Want to start a spirited discussion among car enthusiasts? Ask which American car manufacturer made the first muscle car. With a little luck, the discussion will stay civil as the Chevy, Ford and Chrysler people battle it out. On the other hand, ask the same group who made the first SUV and things should be far quieter; the first SUV, or “4×4 truck-based passenger wagon” was the 1956 International Travellall, a company almost unheard of today.
The International story
The International company was founded by Cyrus McCormick in 1831. Producing a large assortment of farm implements, including buggies and carts designed for passenger use, International became a major supplier of equipment to America’s farmers during the 1800s. By the late 1800s, the demand for passenger vehicles was well recognized and in the early 1900s, International began working on motorized versions. By 1907, the company began production of their first motorized passenger car called the Auto Buggy. Before long, International was producing the Auto Wagon from the same basic structure, complete with a bed that could haul an 800-pound load. Over the next several decades, International became a major producer of pickup trucks.
In the early 1950s, International Harvester infused the DNA of its rugged, commercial trucks into a passenger vehicle. Called the Travelall, this vehicle started out as a modified R-Series commercial panel truck with side windows and a new tailgate design. Roughly comparable in size to today’s Chevy Suburbans, the first Travelalls were two-door models. In 1957-61, they had an interesting third door on the passenger side. Later, all Travelalls came with four doors. Travelalls quickly became popular: Ansel Adams used one to travel the United States, often photographing his famous black-and-white landscapes from a custom-built platform on the roof. International’s successful Travelall model was followed by the smaller Scout in 1961. The Scout came only with two doors in various hardtop and soft-top configurations.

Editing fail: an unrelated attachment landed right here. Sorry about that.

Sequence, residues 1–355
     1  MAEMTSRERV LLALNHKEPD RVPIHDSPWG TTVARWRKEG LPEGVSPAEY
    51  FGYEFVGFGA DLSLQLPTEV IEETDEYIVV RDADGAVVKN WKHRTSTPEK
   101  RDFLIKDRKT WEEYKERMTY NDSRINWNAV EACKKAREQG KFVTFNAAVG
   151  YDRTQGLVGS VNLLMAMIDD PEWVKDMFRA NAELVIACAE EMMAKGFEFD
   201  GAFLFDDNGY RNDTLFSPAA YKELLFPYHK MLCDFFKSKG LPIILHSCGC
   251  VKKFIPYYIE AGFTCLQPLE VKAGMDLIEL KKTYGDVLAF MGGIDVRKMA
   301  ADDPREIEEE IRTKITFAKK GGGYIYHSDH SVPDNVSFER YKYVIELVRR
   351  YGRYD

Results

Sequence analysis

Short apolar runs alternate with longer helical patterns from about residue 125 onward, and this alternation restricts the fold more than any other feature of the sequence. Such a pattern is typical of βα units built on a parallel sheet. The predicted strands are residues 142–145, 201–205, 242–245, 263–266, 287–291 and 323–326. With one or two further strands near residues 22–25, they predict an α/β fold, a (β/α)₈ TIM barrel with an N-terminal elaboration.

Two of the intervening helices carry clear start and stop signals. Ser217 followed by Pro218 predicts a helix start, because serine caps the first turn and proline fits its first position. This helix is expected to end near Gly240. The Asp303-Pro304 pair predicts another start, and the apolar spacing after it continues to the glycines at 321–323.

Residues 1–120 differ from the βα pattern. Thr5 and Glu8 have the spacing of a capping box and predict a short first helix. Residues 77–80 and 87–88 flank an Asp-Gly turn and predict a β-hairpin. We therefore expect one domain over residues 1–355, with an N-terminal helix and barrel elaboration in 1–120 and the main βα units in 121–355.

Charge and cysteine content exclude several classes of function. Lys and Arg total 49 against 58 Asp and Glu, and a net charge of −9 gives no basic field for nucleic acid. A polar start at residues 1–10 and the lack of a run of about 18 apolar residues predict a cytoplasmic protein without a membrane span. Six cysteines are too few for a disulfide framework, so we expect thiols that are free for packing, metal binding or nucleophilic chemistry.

The first SUV
Technically, the first SUV was 1956 Travelall with optional 4×4 drive. True, the Chevrolet Suburban had a similar body layout, but the Suburban didn’t acquire four-wheel drive until 1960 and Reed Chrysler of St. Joseph, MO says Dodge’s large Town Wagon wasn’t offered with four-wheel drive until 1957. International was the first with what we consider today as an SUV: a “4×4 truck-based passenger wagon.” A common question that arises is “what happened?” How did International Harvester lose out on SUV boom that struck just a few years later? The answer might be a simple matter of distribution.
Advertising and distribution
With advertising campaigns that emphasized four-wheel-drive practicality, early International marketing campaigns were directed at suburban families rather than at farmers or tradesmen. However, Travelalls were sold alongside commercial trucks through International Harvester’s dealers, most of which were in rural areas rather than in the urban and suburban markets.
Leaving before the party started
This mismatch between advertising and distribution led to sluggish sales and a departure from the consumer truck market in 1980. Had it been able to hold out a while longer, International, a company with a real heritage and a history in rugged commercial trucks, would probably still be a player in an SUV market successfully populated by Ford, Chevrolet and Chrysler, along with such unlikely truck makers as Porsche and BMW.